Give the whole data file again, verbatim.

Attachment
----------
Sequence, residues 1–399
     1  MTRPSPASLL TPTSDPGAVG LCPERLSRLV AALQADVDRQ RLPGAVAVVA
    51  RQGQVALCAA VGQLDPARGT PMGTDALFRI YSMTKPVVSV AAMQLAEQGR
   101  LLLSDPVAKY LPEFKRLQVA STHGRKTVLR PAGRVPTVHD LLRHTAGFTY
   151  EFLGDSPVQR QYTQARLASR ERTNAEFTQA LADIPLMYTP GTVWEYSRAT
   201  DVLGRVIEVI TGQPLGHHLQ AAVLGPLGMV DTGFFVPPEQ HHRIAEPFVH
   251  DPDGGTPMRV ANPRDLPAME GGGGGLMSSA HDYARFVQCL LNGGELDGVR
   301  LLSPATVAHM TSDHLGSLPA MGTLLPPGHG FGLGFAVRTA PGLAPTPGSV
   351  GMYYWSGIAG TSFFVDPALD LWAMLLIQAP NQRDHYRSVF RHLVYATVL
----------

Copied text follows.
Sequence, residues 1–399
     1  MTRPSPASLL TPTSDPGAVG LCPERLSRLV AALQADVDRQ RLPGAVAVVA
    51  RQGQVALCAA VGQLDPARGT PMGTDALFRI YSMTKPVVSV AAMQLAEQGR
   101  LLLSDPVAKY LPEFKRLQVA STHGRKTVLR PAGRVPTVHD LLRHTAGFTY
   151  EFLGDSPVQR QYTQARLASR ERTNAEFTQA LADIPLMYTP GTVWEYSRAT
   201  DVLGRVIEVI TGQPLGHHLQ AAVLGPLGMV DTGFFVPPEQ HHRIAEPFVH
   251  DPDGGTPMRV ANPRDLPAME GGGGGLMSSA HDYARFVQCL LNGGELDGVR
   301  LLSPATVAHM TSDHLGSLPA MGTLLPPGHG FGLGFAVRTA PGLAPTPGSV
   351  GMYYWSGIAG TSFFVDPALD LWAMLLIQAP NQRDHYRSVF RHLVYATVL